With electronic circuits now capable of operating at microwatt power levels, it is feasible to power them from non-traditional sources. Hence, the rise of energy harvesting, which provides the power to charge, supplement or replace batteries in systems where battery use is inconvenient, impractical, expensive or dangerous.
Energy harvesting can eliminate the need for wires to carry power or to transmit data. It can power smart wireless sensor networks to monitor and optimize complex industrial processes, remote field installations and building HVAC systems. And otherwise wasted energy from industrial processes, solar panels and internal combustion engines can be harvested for useful purposes.
Ambient energy sources include light, heat differentials, vibrating beams, transmitted RF signals and any source that can produce an electrical charge through a transducer. Such "free" energy sources can be converted into electrical energy by using a suitable transducer, such as thermoelectric generator (TEG) for heat, a piezoelectric element for vibration, a photovoltaic cell for sunlight (or indoor lighting) and even galvanic energy from moisture. These energy sources can be used to power electronic components and systems autonomously.
Despite their complexity, energy-harvesting systems have already been deployed in transportation infrastructure, wireless medical devices, tire pressure sensing and building automation. In building automation systems, elements such as occupancy sensors, thermostats and light switches can eliminate the power or control wiring normally associated with their installation and instead use localized energy harvesting. A wireless network using an energy-harvesting technique can link sensors in a building to reduce HVAC and lighting costs by turning off power to nonessential areas when the building is vacant. The cost of enabling energy-harvesting electronics is often lower than that for running supply wires, so there is an economic gain to be had by adopting a harvested power technique.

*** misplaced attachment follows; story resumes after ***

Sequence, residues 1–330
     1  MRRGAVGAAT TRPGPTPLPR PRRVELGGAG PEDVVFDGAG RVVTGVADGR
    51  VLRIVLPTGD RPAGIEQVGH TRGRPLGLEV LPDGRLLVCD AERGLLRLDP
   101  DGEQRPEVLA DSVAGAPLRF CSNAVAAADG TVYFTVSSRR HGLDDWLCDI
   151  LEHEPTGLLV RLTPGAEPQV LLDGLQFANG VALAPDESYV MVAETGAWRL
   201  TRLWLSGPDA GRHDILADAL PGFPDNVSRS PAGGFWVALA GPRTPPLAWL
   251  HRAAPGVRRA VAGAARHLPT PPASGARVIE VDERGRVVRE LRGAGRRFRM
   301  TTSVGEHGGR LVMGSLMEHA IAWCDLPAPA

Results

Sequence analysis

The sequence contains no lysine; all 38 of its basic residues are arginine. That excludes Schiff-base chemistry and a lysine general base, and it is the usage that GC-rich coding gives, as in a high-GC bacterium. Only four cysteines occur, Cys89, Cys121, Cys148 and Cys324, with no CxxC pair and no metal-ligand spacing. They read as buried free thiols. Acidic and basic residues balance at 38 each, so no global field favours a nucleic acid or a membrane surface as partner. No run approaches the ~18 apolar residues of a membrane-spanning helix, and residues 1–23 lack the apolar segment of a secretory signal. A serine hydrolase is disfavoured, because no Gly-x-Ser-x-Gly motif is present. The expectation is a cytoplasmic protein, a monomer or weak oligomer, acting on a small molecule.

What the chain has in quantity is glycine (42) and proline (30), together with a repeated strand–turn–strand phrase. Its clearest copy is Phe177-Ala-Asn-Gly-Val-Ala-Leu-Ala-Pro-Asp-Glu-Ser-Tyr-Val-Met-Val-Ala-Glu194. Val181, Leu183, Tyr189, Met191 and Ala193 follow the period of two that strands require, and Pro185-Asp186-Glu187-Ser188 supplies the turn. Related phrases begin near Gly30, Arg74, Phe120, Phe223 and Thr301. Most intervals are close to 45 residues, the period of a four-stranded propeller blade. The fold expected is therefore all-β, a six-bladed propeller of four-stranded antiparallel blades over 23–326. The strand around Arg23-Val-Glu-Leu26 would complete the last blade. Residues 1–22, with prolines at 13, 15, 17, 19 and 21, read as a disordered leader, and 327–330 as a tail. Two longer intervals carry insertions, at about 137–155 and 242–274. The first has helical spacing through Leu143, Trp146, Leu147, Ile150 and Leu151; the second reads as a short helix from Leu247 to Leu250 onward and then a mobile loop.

Many of the advantages of a wireless sensor network disappear if each node requires its own external power source. Through power management developments have enabled electronic circuits to operate longer for a given power supply, that approach has its limitations. Energy harvesting provides a complementary approach, powering wireless sensors nodes by converting ambient energy into usable electricity.